The City of Whittlesea and Macedon Ranges councils have signed the largest carbon emissions reduction project ever to be undertaken by Victorian local governments.

By signing the Victorian Energy Collaboration agreement, councils commit to using 100 percent renewable energy to power buildings and community facilities – reducing greenhouse emissions by 260,000 tonnes of C02-e every year.

The agreement is a joint commitment from 46 Victorian councils to purchase renewable energy over the next 10 years.

City of Whittlesea chief executive Craig Lloyd said council was proud to be a part of the collaborative sustainability initiative, which would also result in financial savings for the City of Whittlesea by making use of Victorian-generated renewable energy.

“Today’s history-making agreement is another important step forward in our Sustainable Environment Whittlesea 2040 goal,” he said.

“Over the last nine years, we have installed solar power systems across more than 60 council buildings, and batteries to store renewable energy at 11 facilities.

“Today, 23 per cent of our electricity for council buildings is derived from on-site solar power, and more than 53 per cent of our streetlights are now energy efficient.

“Because of these and other steps, we are on track to be an organisation that produces zero net carbon emissions by next year, and that’s a significant achievement.”

Provided by Red Energy, the 240GWh of clean power secured for the 46 councils over the next 9.5 years is equivalent to powering 48,000 homes with renewables, or removing the emissions from 90,000 cars every year.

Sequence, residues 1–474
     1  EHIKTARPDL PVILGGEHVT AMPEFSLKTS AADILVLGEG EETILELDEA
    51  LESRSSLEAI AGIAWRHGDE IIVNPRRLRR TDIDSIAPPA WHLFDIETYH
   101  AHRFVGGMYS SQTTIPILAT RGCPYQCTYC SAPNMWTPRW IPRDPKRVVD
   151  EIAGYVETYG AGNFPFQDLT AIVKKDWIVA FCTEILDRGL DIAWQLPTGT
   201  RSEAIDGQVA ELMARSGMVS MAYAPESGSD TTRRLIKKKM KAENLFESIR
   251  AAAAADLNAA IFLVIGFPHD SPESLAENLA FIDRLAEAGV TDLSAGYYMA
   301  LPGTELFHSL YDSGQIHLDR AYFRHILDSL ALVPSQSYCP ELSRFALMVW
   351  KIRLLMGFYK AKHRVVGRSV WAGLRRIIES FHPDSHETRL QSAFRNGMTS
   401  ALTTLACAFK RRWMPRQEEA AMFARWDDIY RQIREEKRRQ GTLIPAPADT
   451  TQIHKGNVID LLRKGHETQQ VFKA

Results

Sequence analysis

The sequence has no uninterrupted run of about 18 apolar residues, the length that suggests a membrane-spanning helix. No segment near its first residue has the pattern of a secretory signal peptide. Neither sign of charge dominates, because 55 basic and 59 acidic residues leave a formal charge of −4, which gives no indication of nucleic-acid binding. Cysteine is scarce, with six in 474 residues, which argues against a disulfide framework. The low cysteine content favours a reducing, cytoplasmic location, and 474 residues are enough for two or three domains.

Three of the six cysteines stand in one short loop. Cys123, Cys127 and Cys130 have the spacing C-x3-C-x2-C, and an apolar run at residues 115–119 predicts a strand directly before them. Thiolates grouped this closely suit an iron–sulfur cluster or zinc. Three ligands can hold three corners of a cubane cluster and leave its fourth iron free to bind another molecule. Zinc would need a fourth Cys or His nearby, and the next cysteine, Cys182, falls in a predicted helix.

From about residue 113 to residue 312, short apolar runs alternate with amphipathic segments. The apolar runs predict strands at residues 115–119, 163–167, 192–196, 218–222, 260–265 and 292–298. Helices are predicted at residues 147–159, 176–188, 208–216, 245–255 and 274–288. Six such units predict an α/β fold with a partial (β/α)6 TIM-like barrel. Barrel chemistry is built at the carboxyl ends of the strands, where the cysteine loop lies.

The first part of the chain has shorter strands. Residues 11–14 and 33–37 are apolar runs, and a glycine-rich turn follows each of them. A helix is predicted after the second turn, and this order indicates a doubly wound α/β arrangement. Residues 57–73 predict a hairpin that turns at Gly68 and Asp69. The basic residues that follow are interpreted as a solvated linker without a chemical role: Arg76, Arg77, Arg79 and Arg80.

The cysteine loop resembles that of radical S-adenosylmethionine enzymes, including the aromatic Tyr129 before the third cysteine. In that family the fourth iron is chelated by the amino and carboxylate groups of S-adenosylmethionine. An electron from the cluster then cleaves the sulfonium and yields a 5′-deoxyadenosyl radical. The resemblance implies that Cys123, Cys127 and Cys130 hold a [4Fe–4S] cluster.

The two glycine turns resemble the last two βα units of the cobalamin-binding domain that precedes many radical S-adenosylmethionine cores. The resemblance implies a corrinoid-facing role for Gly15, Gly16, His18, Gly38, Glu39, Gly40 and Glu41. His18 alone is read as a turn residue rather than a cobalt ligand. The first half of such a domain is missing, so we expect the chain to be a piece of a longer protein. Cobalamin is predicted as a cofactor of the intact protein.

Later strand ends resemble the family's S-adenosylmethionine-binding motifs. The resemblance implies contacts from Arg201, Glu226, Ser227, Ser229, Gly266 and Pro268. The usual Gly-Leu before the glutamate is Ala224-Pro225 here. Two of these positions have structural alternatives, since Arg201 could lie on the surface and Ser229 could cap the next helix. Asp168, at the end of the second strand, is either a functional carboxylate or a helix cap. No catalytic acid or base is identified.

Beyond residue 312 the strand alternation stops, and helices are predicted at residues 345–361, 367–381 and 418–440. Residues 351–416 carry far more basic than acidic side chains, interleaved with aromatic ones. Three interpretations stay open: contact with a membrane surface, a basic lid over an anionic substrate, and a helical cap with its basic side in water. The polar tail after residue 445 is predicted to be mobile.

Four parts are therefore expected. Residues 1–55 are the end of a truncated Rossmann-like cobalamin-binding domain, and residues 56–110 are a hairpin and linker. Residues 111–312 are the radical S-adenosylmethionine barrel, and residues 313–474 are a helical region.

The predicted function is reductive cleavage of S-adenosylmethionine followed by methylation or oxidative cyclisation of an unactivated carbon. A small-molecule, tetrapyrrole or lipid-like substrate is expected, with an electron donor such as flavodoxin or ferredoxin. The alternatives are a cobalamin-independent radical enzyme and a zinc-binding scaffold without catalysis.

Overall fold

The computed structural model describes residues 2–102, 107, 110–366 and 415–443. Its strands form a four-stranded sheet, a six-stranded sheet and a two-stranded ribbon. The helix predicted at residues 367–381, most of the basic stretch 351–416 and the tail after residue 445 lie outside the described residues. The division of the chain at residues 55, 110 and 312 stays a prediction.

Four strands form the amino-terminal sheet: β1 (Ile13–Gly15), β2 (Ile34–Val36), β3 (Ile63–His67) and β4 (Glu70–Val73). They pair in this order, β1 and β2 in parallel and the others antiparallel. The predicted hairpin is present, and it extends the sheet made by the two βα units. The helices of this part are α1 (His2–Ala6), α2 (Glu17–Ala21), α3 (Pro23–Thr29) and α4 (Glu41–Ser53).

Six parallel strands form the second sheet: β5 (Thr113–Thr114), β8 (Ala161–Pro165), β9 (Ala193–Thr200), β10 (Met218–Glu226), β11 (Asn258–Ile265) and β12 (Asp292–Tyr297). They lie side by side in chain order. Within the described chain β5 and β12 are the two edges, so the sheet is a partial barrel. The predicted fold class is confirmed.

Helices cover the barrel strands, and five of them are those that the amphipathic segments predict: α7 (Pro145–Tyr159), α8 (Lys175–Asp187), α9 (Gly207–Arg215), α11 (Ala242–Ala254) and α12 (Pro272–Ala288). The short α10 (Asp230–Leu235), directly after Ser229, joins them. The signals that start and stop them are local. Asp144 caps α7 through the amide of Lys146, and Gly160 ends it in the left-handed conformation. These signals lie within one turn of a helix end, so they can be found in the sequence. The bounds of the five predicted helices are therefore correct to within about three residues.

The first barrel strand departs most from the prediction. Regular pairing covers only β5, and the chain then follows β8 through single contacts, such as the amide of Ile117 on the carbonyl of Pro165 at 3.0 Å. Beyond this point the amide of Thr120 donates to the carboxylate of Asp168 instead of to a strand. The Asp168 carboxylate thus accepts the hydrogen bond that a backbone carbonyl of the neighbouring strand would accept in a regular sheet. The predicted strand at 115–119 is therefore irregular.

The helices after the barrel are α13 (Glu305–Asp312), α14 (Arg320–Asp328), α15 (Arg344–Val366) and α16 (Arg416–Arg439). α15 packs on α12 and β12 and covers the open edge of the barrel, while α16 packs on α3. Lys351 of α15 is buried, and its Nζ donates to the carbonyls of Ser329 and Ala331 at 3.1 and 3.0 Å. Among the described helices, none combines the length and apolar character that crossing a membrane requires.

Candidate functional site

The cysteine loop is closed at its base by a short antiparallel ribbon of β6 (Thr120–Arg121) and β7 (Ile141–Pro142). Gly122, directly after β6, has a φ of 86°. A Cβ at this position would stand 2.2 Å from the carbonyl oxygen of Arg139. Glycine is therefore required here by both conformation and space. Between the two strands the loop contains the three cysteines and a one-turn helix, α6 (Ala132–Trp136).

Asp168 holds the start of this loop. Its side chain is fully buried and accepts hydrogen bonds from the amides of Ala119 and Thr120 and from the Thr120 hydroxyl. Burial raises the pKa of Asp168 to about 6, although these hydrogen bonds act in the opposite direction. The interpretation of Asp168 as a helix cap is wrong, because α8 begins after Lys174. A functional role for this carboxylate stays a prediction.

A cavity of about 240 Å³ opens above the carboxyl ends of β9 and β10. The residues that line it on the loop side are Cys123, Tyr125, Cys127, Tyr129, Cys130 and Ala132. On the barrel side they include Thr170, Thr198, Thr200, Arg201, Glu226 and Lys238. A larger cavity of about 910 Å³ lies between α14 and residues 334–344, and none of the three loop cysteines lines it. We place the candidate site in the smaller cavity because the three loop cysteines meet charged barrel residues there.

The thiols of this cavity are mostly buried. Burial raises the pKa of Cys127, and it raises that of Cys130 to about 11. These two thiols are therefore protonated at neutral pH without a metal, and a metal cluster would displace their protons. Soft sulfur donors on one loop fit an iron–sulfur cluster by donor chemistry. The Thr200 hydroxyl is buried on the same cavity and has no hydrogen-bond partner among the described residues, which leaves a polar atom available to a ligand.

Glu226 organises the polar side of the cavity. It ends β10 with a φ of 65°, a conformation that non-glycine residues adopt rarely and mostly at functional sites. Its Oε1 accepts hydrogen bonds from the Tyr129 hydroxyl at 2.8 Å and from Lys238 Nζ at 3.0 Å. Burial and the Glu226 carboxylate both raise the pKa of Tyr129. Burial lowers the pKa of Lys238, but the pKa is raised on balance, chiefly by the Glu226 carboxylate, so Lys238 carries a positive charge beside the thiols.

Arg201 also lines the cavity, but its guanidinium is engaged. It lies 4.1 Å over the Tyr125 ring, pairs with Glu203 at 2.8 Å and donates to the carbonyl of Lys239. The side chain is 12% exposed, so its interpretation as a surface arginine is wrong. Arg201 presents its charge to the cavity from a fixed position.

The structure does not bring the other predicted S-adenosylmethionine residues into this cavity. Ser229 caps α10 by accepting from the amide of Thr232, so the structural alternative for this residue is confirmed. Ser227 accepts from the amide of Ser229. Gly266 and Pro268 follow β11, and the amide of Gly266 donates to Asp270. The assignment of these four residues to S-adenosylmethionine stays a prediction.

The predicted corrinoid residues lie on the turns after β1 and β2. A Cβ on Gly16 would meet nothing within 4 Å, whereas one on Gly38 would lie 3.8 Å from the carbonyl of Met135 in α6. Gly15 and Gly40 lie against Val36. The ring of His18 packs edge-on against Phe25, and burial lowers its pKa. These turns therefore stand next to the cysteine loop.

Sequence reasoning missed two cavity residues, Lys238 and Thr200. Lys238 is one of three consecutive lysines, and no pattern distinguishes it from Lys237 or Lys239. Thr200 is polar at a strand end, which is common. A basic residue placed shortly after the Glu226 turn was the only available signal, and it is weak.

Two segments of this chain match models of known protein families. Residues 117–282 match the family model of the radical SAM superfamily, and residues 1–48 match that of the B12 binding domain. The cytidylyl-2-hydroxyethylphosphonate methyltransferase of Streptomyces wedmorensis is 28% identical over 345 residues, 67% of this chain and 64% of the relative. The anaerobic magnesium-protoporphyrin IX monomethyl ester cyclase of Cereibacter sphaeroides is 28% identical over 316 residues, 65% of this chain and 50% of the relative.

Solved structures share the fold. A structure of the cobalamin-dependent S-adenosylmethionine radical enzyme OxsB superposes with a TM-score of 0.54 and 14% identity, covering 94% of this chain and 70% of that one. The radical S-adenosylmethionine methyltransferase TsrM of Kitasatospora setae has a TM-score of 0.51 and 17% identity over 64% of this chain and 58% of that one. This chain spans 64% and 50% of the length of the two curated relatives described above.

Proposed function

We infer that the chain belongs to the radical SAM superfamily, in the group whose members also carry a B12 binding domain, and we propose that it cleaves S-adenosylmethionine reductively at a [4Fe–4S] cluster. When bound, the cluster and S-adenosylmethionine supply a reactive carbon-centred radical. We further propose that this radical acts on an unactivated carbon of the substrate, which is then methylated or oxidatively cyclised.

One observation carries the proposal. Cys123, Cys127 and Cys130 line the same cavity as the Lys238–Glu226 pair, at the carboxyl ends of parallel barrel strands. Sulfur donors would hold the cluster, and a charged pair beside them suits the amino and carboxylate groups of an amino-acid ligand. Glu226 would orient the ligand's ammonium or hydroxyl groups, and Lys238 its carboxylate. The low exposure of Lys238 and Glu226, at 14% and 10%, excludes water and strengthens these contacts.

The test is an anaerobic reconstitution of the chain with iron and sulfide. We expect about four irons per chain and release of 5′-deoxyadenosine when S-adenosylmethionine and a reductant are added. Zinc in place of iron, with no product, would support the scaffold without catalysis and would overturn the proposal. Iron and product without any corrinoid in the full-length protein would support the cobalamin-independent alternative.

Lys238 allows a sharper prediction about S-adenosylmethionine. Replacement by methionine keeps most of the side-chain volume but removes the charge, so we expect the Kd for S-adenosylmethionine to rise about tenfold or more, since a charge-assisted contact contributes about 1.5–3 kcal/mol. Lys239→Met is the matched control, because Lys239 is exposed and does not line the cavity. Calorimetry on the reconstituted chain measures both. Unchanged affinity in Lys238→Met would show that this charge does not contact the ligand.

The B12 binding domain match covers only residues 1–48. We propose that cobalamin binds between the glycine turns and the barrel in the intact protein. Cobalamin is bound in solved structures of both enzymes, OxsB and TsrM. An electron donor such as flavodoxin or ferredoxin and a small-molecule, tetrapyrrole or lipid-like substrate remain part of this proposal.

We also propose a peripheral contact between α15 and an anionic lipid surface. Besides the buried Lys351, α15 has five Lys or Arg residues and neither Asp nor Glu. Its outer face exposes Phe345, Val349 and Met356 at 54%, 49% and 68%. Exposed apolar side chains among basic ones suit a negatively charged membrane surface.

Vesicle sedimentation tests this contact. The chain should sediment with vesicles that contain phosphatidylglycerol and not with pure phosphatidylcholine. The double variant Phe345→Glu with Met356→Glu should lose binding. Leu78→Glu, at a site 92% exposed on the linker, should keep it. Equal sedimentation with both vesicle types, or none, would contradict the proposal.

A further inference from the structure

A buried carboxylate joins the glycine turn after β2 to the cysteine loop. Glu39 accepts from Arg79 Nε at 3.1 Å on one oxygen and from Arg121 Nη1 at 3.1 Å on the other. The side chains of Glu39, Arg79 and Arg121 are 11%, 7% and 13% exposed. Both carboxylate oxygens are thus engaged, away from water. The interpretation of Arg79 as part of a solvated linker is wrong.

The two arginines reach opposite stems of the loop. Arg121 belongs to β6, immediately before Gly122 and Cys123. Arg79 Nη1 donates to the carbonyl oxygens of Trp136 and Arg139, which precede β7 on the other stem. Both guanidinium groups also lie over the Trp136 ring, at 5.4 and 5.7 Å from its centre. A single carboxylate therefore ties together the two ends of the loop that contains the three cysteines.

The renewable energy will be provided by two wind farms in Victoria – Dundonnell wind farm near Mortlake, which started exporting power to the grid in March 2020 – and Murra Warra II wind farm near Horsham, which will be fully operational by June 2022. Both farms will continue to deliver economic benefits and employment to the regions during construction and ongoing operation.

Macedon Ranges Mayor Jennifer Anderson said signing onto the project would be beneficial to the reduction of emissions in the shire, both in council operations and across the wider community.

“In the long term, taking action to mitigate against climate change will have broad ranging benefits for the safety and security of the community,” she said.

“VECO represents a fantastic collaboration involving over half the local councils across Victoria, working together to reduce greenhouse emissions and deliver financial savings to councils and ratepayers, though sourcing renewable energy generated in Victoria.”